A judge agreed Tuesday to release the teen driver who caused a fatal wreck in May so she can attenda candlelight vigil Friday.
Columbia County Juvenile Court Judge Douglas Flanagan suspended the remainder of Amber Rose Lever's one-year jail term. She will be released from a Sandersville, Ga., juvenile detention facility Thursday.
Lever, 16, was driving a friend's Mercury Mountaineer on May 26 when she veered onto Old Belair Lane. She hit a trash can, lost control and hit a tree.
Taylor Gazaway, 17, was in the back seat and died shortly after the wreck. He and another back-seat passenger were not wearing seat belts.
Lever was driving on a Class D license with five passengers. Such a license prohibits her from having more than one nonfamily member younger than 21 as a passenger.
On July 15, Lever pleaded guilty to second-degree vehicular homicide, driving too fast for conditions and a license violation for having too many passengers. Flanagan sentenced her to a year in confinement.
"One of the strongest things I weighed today was basically what the victims want," Flanagan said Tuesday, adding that about 250 people crowded the courtroom in the Columbia County Courthouse in Evans. "I mainly listened to the (family of the) victim. Victims have a strong impact with the court because we want to hear the victims' views."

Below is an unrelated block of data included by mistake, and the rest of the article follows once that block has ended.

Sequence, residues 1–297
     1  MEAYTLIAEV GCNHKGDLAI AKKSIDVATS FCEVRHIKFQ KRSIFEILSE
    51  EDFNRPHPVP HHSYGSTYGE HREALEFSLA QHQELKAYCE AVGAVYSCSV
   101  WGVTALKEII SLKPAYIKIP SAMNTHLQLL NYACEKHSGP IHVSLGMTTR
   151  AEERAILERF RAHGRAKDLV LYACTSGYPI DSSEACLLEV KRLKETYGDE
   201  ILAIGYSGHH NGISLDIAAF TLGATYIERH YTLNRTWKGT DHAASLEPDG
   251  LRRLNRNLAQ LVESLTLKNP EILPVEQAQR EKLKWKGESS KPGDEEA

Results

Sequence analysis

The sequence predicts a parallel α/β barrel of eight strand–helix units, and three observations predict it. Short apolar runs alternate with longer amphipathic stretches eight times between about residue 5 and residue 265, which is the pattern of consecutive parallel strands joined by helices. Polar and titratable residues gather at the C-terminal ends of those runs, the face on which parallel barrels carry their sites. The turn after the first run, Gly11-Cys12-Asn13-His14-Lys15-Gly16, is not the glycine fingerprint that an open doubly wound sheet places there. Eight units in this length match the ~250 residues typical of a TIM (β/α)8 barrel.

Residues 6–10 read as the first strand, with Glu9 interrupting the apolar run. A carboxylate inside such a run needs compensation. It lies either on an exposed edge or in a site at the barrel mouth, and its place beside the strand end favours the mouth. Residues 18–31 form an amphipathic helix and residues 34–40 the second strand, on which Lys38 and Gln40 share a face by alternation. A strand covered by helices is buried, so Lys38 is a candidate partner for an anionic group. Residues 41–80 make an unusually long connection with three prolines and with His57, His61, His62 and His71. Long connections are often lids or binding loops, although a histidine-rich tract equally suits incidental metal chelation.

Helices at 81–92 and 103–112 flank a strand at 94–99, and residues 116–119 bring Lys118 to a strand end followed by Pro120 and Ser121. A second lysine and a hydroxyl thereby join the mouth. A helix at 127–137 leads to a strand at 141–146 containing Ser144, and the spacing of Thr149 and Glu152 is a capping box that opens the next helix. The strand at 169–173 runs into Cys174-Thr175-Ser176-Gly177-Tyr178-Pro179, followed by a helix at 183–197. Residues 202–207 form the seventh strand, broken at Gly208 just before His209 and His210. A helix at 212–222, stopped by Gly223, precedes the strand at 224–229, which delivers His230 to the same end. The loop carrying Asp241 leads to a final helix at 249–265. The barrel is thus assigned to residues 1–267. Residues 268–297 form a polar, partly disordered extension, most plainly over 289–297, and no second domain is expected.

Gazaway's mother, Dana Banker, initially pleaded for Flanagan not to incarcerate Lever, who was a long-time friend of her son. Banker said Tuesday that she wanted Lever to attend a candlelight vigil at the crash site at 8:30 p.m. Friday.
"She must appear at the vigil in her orange prison jumpsuit and talk to other kids and people present about what happened," Flanagan said. The judge said reports from the detention facility show Lever as remorseful and miserable.
Lever also must speak to schools, churches and other groups about her situation.
"She put herself in jail," Flanagan told the group gathered in the courtroom. "That's how she got there, because she didn't listen."
The wreck was Lever's second license violation in less than six months for driving with too many passengers. For that first offense, she got probation, a brief license suspension, community service and a fine.
Lever's one-year sentence still stands, but she will serve it on probation. If she has any more brushes with the law, she will return to confinement, Flanagan said.
"If, in fact, she messes up, I have the right to put her back and incarcerate her," the judge said.